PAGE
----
SpiralFrog is a proposed online service that would let users download songs for free in exchange for viewing some sort of advertising. It got some press coverage last August when it announced an agreement to license the music catalog of Universal Music Group, the largest of the four major labels. Over the next few months, however, a missed launch date and executive shake-up led many to write it off as dead.
But the company survived, and now its founder, Joe Mohen, is heralding the beginning of a closed beta test in the United States, with wide release expected by the end of the year.
It seems as if Mohen has a good grasp on the realities of the online-music business, naming pirated music from file-trading networks as SpiralFrog's main competitor, rather than paid downloads from iTunes and the like. But based on this review of the beta from a Canadian publication (the beta launched there in May), there seems to be a crippling lack of portability.
You can't transfer songs from the service to an iPod/iPhone or to a Zune. Wired's preview from last summer explains that the service is part of Microsoft's PlaysForSure logo program, meaning that it uses a version of Windows Media DRM (digital rights management) that's not compatible with Zune. (And Apple's portable devices can't play Windows Media Audio files at all, protected or not.) Nor can you burn the tracks to CD or DVD.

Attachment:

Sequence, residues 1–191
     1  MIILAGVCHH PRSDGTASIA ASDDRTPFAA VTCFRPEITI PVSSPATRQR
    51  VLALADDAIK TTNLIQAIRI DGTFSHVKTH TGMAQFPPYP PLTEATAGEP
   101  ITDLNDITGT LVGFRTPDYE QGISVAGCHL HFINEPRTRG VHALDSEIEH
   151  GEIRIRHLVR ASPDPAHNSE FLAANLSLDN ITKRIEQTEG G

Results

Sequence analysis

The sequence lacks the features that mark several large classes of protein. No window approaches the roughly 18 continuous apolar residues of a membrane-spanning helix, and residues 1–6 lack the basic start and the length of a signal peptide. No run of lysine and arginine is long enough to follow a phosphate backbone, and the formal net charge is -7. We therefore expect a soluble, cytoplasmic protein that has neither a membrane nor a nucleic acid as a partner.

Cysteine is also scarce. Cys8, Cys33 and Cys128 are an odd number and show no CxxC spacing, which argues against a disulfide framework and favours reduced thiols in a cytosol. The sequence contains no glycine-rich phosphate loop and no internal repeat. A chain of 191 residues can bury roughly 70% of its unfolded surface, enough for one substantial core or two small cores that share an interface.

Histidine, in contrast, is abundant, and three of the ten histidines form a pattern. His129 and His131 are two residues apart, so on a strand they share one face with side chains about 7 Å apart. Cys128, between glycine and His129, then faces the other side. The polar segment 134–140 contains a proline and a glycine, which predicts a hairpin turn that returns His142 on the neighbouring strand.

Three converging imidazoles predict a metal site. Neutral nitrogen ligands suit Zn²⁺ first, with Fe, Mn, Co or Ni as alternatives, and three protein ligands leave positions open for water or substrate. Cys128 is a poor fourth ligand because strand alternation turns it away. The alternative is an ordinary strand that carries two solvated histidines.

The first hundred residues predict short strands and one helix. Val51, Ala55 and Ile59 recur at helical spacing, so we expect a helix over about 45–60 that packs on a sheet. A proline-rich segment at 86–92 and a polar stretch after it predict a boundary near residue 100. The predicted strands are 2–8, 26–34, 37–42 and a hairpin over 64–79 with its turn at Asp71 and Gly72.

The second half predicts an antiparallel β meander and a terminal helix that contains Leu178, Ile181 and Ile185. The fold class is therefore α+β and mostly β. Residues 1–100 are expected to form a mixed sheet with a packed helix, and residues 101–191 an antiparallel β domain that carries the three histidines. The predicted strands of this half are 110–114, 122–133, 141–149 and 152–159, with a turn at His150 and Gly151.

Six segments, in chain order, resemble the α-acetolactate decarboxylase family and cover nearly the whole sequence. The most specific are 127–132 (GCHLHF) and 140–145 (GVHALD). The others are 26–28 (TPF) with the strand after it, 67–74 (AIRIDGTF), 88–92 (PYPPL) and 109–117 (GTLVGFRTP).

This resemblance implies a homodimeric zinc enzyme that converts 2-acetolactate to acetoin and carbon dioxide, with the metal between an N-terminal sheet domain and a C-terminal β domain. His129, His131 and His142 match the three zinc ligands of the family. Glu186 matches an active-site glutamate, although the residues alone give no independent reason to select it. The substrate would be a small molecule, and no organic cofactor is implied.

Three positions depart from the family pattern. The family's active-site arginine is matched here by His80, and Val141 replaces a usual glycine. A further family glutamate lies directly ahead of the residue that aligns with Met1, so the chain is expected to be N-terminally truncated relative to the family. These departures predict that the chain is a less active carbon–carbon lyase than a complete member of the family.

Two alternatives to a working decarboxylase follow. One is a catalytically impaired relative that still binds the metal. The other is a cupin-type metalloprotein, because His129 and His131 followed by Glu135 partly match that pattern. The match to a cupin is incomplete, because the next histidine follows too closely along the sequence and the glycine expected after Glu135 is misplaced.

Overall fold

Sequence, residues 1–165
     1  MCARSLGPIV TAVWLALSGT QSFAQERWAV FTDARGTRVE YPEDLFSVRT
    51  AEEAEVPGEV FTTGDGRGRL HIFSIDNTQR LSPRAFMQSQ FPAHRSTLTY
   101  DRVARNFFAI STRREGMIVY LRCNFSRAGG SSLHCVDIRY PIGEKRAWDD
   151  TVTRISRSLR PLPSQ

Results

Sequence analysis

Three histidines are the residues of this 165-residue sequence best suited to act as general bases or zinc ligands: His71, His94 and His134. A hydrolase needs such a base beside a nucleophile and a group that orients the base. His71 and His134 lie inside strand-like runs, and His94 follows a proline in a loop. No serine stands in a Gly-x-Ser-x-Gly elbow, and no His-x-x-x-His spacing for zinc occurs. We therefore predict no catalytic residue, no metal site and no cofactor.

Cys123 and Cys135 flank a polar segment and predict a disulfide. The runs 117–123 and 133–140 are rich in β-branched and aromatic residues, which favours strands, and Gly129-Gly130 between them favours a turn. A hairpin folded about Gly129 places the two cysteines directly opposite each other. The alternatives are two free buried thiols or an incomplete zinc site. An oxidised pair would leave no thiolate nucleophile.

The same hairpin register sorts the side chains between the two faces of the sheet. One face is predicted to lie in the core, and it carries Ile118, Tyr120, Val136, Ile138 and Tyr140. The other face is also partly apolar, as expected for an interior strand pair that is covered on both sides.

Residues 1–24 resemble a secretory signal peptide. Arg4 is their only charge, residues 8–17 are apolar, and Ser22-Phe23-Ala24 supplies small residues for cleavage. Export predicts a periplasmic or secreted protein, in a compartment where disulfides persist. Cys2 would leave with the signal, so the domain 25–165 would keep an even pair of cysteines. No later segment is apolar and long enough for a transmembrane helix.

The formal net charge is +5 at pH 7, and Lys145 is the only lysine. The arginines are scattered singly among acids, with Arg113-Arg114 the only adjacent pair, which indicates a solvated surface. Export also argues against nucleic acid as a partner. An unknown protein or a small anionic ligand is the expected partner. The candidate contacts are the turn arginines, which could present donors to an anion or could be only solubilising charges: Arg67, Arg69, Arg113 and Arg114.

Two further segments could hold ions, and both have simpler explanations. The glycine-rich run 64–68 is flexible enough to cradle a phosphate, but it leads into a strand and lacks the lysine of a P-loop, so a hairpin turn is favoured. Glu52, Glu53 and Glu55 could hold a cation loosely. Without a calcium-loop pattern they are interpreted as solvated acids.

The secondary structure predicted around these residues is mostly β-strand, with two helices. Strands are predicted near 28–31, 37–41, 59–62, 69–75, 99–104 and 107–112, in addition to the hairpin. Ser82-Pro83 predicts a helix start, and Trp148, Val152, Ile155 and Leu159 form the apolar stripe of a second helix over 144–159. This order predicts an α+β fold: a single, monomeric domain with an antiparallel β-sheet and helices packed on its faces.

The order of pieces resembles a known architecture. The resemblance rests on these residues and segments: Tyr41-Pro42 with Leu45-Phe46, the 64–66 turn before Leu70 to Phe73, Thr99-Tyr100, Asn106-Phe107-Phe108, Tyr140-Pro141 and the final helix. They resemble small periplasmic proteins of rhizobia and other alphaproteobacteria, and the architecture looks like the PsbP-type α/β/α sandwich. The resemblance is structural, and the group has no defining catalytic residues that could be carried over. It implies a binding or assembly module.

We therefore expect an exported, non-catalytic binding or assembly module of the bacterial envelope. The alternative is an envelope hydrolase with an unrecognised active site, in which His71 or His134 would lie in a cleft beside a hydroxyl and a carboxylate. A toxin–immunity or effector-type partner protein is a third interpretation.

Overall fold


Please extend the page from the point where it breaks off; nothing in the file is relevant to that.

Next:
Instead, you're limited to playing tracks on your computer, or on one of the non-Microsoft players that supports PlaysForSure. These players make up less than 20 percent of the market, and this share could fall further, if Microsoft releases an inexpensive flash memory Zune model in time for this holiday season (which is widely expected but hasn't yet been confirmed.)
The only benefit of compressed digital audio is portability--nobody's listening to MP3s for their sound quality. Cutting out more than 80 percent of the portable market seems like a recipe for defeat. Not to mention that only two of the majors have signed on--Universal and Sony/BMG, with EMI and Warner so far staying away. This means that SpiralFrog is launching with 700,000 songs, compared with more than 5 million for iTunes, and at least 2 million for the Zune Marketplace and most other services.
One tantalizing possibility: SpiralFrog could team up with a cell phone maker and wireless carrier to create a competitor to the iPhone. Offering free over-the-air downloads could help it compete against iPhone's computer-tethered paid-download model, and this distribution method would probably be more amenable to the content owners--it's hard to strip the DRM from a song that's stuck on a device, but much easier if that file has to pass through a computer first.
I've signed up for the beta, and if they let me in, I'll test it on a PlaysForSure player and share how it stacks up.